Preparing the toolchain

Debian distributions as well as other distributions typically provide pre-compiled toolchains (on Ubuntu the package name is gcc-arm-linux-gnueabi).

However, the suggested procedure in our case is to use the crossdev application to generate a toolchain for the specific architecture:

crossdev -t armv7a-hardfloat-linux-gnueabi

Compiling and installing the bootloader

Use the following command to download and compile the U-Boot repository with support for PSCI:

# git clone https://git.kernel.org/pub/scm/linux/kernel/git/maz/uboot.git u-boot-psci
# cd u-boot-psci
# git checkout origin/wip/psci
# make CROSS_COMPILE=armv7a-hardfloat-linux-gnueabi- Cubieboard2_config
# make CROSS_COMPILE=armv7a-hardfloat-linux-gnueabi-

The bootloader should be stored at an offset of 40KB, whereas the symbol table at an offset of 8KB.

Supposing we are using a Linux host, and that the SD card can be accessed using the device file /dev/mmcblk0, you can use the following commands:

# dd if=spl/sunxispl.bin of=/dev/mmcblk0 bs=1024 seek=8
# dd if=uboot.img of=/dev/mmcblk0 bs=1024 seek=40

Creating the root file system

This section covers the creation of a single partition which will be formatted with an ext4 file system.

After that, an Arch Linux file system will be used for the partition (on a Debian host you can use debootstrap as an alternative to the download of a preconfigured root file system).

# fdisk /dev/mmcblk0

Then, you need to create a Linux partition. Please note that the first sector of the first partition in the SD card must be in a position after an offset of 40 KB (for the U-Boot installation) plus the size of the U-Boot image.

# mkfs.ext4 /dev/mmcblk0p1
# mount /dev/mmcblk0p1 /mnt
# wget http://archlinuxarm.org/os/ArchLinuxARM-sun7i-latest.tar.gz
# tar -xf ArchLinuxARM-sun7i-latest.tar.gz -C mnt
# umount /mnt

Compiling and installing of the dom0 kernel

Download the sunxi-devel branch from the official sunxi repository. That branch contains the drivers for the SD, USB ed ethernet.

# mkdir sunxi-devel
# cd sunxi-devel
# git init
# git remote add -t sunxi-devel -f origin https://github.com/linux-sunxi/linux-sunxi.git
# git checkout sunxi-devel

After that, please go on with teh kernel compilation. In the default configuration for the architecture and platform you need to enable the Xen options, as well as the peripherals and drivers that we want to use.

A complete list of the needed configuration options is available on the Mirage OS wiki.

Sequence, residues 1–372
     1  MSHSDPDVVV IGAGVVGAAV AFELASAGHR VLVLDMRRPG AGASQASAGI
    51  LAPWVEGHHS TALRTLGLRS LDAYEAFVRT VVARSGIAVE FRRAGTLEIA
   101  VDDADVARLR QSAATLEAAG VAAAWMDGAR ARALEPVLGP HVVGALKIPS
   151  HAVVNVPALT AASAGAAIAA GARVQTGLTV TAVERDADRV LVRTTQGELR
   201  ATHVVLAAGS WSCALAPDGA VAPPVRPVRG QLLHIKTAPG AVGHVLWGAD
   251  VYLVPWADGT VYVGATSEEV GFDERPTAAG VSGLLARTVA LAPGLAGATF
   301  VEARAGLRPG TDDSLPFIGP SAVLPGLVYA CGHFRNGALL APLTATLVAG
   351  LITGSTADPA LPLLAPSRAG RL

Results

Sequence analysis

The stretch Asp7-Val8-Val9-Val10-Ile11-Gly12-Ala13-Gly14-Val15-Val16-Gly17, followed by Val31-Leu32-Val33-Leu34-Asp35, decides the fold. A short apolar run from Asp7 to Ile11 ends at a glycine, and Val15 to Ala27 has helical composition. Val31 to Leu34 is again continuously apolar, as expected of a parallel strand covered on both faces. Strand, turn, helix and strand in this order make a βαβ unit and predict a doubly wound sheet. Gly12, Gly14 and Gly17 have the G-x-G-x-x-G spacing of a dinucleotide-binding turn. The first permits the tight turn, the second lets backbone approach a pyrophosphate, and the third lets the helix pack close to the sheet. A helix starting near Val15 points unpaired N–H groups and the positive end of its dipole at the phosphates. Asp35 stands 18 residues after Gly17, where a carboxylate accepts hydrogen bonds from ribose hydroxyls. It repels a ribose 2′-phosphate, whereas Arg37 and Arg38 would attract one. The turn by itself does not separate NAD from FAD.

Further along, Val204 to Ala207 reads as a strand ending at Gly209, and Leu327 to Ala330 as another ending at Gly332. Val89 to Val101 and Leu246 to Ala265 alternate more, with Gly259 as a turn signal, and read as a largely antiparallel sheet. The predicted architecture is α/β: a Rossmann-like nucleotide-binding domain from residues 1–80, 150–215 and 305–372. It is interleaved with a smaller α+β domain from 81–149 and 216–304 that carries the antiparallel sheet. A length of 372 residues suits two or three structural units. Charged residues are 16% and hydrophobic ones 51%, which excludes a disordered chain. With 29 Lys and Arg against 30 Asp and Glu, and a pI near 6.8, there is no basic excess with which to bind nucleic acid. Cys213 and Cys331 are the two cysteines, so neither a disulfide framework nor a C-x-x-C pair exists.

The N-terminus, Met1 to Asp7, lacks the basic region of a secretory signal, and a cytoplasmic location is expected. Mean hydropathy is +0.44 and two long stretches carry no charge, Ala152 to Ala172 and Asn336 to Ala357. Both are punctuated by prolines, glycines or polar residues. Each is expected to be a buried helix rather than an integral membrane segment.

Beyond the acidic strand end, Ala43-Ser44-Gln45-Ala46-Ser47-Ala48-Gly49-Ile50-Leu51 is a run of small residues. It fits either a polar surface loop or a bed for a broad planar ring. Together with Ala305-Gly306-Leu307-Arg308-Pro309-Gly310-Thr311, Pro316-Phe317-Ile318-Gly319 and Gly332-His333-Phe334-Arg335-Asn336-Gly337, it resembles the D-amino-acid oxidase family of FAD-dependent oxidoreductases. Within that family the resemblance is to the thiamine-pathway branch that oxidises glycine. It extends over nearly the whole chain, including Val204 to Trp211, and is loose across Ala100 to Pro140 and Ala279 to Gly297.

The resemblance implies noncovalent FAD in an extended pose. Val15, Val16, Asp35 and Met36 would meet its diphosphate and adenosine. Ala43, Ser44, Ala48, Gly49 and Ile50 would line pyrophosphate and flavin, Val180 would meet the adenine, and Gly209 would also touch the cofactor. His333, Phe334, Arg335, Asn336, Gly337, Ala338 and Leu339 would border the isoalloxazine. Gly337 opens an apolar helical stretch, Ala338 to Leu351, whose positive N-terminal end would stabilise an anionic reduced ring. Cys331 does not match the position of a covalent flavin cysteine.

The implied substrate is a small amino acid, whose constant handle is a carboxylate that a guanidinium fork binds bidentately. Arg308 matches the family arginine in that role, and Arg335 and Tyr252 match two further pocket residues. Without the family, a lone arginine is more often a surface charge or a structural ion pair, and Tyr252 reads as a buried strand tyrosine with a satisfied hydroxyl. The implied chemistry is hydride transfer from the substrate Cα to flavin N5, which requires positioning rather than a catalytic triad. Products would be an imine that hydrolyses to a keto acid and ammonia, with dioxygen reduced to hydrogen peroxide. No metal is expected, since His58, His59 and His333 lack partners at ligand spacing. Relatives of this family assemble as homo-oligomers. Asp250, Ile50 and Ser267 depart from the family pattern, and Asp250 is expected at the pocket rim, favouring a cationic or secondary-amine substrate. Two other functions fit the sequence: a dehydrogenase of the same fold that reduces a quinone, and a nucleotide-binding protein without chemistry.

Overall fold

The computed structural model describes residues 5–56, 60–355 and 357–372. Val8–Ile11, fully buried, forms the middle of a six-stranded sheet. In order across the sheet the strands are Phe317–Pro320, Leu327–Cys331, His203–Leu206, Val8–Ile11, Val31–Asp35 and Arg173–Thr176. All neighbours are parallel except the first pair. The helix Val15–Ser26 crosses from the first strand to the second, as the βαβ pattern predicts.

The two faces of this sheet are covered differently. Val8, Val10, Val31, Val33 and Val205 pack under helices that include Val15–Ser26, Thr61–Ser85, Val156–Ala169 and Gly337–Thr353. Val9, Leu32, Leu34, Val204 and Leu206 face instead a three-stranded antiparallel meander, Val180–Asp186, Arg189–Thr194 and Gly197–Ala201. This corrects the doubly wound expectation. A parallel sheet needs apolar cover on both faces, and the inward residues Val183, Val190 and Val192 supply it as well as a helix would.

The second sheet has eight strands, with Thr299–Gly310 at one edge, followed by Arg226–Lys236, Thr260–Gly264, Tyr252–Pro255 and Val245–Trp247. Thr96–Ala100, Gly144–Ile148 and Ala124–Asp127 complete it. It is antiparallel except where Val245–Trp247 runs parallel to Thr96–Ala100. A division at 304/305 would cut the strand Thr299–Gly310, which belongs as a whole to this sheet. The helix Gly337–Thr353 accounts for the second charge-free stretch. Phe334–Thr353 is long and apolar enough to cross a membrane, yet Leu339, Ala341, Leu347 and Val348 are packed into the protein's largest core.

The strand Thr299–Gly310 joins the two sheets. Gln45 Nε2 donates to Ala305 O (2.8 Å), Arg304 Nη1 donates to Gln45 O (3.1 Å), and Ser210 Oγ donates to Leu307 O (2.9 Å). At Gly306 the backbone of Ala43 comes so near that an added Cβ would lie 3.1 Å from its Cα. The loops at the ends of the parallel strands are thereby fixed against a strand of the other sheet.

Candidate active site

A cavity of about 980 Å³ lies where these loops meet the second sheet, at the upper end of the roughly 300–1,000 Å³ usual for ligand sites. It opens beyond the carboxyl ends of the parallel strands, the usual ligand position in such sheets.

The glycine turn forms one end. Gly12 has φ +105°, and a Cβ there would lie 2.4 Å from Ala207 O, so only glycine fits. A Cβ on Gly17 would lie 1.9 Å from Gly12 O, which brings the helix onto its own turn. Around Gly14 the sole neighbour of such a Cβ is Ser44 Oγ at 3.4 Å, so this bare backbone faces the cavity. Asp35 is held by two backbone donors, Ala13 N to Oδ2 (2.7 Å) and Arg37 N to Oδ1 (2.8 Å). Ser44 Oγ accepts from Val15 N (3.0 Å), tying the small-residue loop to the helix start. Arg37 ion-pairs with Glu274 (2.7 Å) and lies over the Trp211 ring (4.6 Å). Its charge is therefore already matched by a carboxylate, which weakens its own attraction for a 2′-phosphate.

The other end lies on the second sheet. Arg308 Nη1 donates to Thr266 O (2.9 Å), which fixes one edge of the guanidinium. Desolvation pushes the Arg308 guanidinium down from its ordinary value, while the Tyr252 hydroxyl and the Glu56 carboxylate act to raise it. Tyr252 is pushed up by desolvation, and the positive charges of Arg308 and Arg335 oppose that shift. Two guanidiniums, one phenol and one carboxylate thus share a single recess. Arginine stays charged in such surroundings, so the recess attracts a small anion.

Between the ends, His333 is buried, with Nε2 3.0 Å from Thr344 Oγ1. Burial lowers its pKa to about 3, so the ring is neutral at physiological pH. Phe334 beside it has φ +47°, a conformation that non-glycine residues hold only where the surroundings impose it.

Since ours is a minimal configuration, we disabled the support for dynamic loading modules.

# make ARCH=arm multi_v7_defconfig
# make ARCH=arm menuconfig
# make ARCH=arm CROSS_COMPILE=armv7a-hardfloat-linux-gnueabi- zImage dtbs -j4

The dtbs target is needed to compile the device tree in the binary format used during boot. Once the compilation is terminated, the Linux zImage can be found as arch/arm/boot/zImage, whereas the binary device tree to be used is arch/arm/boot/dts/sun7i-a20-cubieboard2.dtb.

You need to copy both the zImage and the binary device tree in the root of the file system you created on the SD card containing the environment we are creating.

Validating the setup with only the Linux Kernel

To validate that everything works correctly, at this point it is already possible to boot the dom0 kernel, using a serial connection between the host and the target board. Once obtained the U-Boot prompt, please use the following commands to boot Linux:

# setenv bootcmd "ext4load mmc 0 45000000 zImage; bootm 45000000"
# boot

Compiling and installing the hypervisor

You need to download the latest Xen version using teh development repository, on the master branch.

# git clone git://xenbits.xen.org/xen.git
# cd xen
# git clean -xfd

You need to enable the diagnostic messages by modifying the Config.mk file, setting the option debug ?= y.

# make clean XEN_TARGET_ARCH=arm32 CROSS_COMPILE=armv7a-hardfloat-linux-gnueabi- CONFIG_EARLY_PRINTK=sun7i
# make dist-xen XEN_TARGET_ARCH=arm32 CROSS_COMPILE=armv7a-hardfloat-linux-gnueabi- CONFIG_EARLY_PRINTK=sun7i

If you want to run the ERIKA Enterprise domU with the GPIO driver, you need to apply the patchset that adds che hypercall XEN_DOMCTL_memory_mapping for the ARM architecture; That hypercall provides the complete access to an I/O memory region to a non-privileged domain.

Currently the patchset is not included in the Xen development repository, but is available in the mailing list archives (currently it is at it eighth version).

At the end of the compilation, the executable is the file xen/xen/xen.

You need to copy that file in the root of the SD card filesystem.

Preparing the boot scripts

To correctly boot the dom0 on top of the Xen Hypervisor, we need to tell U-Boot the right locations where the hypervisor and the dom0 should be stored.

Moreover, we need to add the chosen node needed for the hypervisor to the device tree, either statically at compile time or (easier) dynamically at boot time.

With the hyphotesis of a Linux configuration without modules and without initramfs, on an ext4 filesystem, the boot script is the following one (taken from this page, section "UBoot configuration", with some modifications).

# SUNXI Xen Boot Script
# Addresses suitable for 1GB system, adjust as appropriate for a 2GB system.
# Top of RAM: 0x80000000
# Xen relocate addr   0x7fe00000
setenv kernel_addr_r  0x7f600000 # 8M
setenv ramdisk_addr_r 0x7ee00000 # 8M
setenv fdt_addr       0x7ec00000 # 2M
setenv xen_addr_r     0x7ea00000 # 2M

setenv fdt_high       0xffffffff # Load fdt in place instead of relocating

# Load xen to ${xen_addr_r}.
ext4load mmc 0 ${xen_addr_r} /xen
setenv bootargs "console=dtuart dtuart=/soc@01c00000/serial@01c28000 dom0_mem=256M"